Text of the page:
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Abnormal Functional Activation and Maturation of Fronto-Striato-Temporal and Cerebellar Regions During Sustained Attention in Autism Spectrum Disorder
Clodagh M. Murphy, M.R.C.Psych.; Anastasia Christakou, Ph.D.; Eileen M. Daly, Ph.D.; Christine Ecker, Ph.D.; Vincent Giampietro, Ph.D.; Michael Brammer, Ph.D.; Anna B. Smith, Ph.D.; Patrick Johnston, Ph.D.; Dene M. Robertson, M.R.C.Psych.; MRC AIMS Consortium; Declan G. Murphy, M.D., F.R.C.Psych.; Katya Rubia, Ph.D.
Am J Psychiatry 2014;:. doi:10.1176/appi.ajp.2014.12030352
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From the Sackler Institute for Translational Neurodevelopment, the Department of Forensic and Neurodevelopmental Sciences, the Department of Child and Adolescent Psychiatry, and the Centre for Neuroimaging, Institute of Psychiatry, King’s College London; the Behavioural Genetics Clinic, Adult Autism Service, Behavioural and Developmental Psychiatry Clinical Academic Group, South London and Maudsley Foundation NHS Trust; the School of Psychology and Clinical Language Sciences, University of Reading, Reading, U.K.

Address correspondence to Dr. Clodagh M. Murphy (clodagh.m.murphy@kcl.ac.uk).

Copyright © 2014 by the American Psychiatric Association

Received March 15, 2012; Revised October 31, 2013; March 03, 2014; Accepted March 28, 2014.

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Abstract

Objective  Sustained attention problems are common in people with autism spectrum disorder (ASD) and may have significant implications for the diagnosis and management of ASD and associated comorbidities. Furthermore, ASD has been associated with atypical structural brain development. The authors used functional MRI to investigate the functional brain maturation of attention between childhood and adulthood in people with ASD.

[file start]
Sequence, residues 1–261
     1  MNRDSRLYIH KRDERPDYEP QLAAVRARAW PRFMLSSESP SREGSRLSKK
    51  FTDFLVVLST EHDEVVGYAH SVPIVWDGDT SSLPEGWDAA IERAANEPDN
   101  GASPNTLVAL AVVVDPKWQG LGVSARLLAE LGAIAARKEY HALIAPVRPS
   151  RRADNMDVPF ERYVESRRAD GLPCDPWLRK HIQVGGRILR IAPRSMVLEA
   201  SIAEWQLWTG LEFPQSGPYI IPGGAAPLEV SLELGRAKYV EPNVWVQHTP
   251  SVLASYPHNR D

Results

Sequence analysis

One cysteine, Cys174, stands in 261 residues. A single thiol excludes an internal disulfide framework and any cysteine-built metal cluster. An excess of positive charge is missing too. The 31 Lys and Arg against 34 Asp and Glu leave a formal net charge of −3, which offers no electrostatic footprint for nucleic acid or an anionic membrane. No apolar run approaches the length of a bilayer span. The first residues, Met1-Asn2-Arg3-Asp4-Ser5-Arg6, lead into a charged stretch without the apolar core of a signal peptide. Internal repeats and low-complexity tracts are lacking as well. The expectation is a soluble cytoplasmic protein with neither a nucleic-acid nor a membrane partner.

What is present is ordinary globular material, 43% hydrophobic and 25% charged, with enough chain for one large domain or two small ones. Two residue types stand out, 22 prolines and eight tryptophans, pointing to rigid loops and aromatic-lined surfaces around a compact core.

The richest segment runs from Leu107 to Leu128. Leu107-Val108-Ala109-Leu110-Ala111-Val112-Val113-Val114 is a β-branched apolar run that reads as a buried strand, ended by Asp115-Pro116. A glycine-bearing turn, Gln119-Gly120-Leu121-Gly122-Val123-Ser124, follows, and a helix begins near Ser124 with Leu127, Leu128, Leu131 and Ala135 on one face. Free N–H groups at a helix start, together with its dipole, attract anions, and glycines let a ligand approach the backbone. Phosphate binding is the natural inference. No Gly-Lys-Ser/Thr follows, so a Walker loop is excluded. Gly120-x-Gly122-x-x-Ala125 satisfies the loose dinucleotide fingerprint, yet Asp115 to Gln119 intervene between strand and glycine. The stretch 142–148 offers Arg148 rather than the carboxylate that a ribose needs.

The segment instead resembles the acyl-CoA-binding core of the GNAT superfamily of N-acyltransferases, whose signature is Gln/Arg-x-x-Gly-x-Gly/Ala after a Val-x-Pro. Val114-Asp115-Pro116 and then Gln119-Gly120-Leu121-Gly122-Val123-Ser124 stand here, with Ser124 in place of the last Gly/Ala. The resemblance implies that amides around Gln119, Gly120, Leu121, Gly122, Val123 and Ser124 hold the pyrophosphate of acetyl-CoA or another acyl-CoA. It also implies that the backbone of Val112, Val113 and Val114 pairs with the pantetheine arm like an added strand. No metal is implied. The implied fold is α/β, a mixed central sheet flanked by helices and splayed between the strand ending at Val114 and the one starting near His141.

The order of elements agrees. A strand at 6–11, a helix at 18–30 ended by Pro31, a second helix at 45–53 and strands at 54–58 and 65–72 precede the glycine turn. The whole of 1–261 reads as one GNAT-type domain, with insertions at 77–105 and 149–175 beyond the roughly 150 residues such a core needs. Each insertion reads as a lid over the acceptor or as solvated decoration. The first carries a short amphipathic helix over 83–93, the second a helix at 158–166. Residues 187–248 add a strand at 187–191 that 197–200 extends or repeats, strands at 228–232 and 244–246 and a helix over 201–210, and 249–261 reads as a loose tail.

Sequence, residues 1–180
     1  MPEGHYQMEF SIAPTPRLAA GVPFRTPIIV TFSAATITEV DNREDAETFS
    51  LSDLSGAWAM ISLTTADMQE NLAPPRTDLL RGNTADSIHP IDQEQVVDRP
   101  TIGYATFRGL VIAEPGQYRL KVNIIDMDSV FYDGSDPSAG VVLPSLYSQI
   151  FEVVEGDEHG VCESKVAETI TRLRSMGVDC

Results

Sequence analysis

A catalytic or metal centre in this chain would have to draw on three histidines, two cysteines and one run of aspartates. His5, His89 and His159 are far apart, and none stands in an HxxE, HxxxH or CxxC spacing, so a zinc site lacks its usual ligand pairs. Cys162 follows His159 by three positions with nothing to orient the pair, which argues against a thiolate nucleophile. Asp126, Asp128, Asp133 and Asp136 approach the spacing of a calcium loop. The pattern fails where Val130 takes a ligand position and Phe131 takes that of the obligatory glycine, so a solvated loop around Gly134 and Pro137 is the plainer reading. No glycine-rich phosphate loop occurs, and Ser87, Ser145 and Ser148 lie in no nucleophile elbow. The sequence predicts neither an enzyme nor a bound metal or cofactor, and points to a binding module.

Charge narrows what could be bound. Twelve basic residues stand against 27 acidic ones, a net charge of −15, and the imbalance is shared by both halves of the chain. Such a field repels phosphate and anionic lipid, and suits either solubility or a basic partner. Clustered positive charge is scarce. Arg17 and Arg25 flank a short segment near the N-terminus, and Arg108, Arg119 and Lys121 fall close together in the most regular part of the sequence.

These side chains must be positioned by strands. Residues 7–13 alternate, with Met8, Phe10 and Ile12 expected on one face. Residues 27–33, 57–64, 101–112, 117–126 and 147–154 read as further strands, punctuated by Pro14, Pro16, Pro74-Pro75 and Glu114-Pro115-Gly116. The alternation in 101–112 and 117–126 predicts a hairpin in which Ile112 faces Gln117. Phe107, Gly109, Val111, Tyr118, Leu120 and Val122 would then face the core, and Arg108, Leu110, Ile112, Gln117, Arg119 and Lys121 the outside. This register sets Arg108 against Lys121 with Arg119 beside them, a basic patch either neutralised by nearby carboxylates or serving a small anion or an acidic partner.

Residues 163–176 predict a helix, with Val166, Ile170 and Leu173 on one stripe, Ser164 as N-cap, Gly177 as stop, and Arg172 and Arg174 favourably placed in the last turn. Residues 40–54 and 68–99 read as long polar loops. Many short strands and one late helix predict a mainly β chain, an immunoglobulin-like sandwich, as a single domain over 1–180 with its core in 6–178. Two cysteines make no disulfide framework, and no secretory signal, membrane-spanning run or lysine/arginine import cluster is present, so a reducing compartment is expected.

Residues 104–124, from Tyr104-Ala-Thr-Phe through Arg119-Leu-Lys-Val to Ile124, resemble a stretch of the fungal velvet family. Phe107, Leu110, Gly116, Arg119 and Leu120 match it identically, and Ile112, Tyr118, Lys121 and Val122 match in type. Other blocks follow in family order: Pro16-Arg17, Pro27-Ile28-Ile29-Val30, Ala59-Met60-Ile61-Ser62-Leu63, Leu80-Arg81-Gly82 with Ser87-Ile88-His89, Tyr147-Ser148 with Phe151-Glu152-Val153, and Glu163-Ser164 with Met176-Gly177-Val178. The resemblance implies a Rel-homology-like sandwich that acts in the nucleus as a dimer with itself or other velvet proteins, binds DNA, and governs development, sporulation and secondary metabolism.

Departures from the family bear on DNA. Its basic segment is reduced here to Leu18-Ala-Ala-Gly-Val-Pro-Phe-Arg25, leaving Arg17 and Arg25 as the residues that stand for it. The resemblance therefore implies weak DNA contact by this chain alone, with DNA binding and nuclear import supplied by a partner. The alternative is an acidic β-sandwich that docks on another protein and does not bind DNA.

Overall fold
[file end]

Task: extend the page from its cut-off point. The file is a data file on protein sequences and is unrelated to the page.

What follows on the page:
Method  Using a parametrically modulated sustained attention/vigilance task, the authors examined brain activation and its linear correlation with age between childhood and adulthood in 46 healthy male adolescents and adults (ages 11–35 years) with ASD and 44 age- and IQ-matched typically developing comparison subjects.

Results  Relative to the comparison group, the ASD group had significantly poorer task performance and significantly lower activation in inferior prefrontal cortical, medial prefrontal cortical, striato-thalamic, and lateral cerebellar regions. A conjunction analysis of this analysis with group differences in brain-age correlations showed that the comparison group, but not the ASD group, had significantly progressively increased activation with age in these regions between childhood and adulthood, suggesting abnormal functional brain maturation in ASD. Several regions that showed both abnormal activation and functional maturation were associated with poorer task performance and clinical measures of ASD and inattention.

Conclusions  The results provide first evidence that abnormalities in sustained attention networks in individuals with ASD are associated with underlying abnormalities in the functional brain maturation of these networks between late childhood and adulthood.

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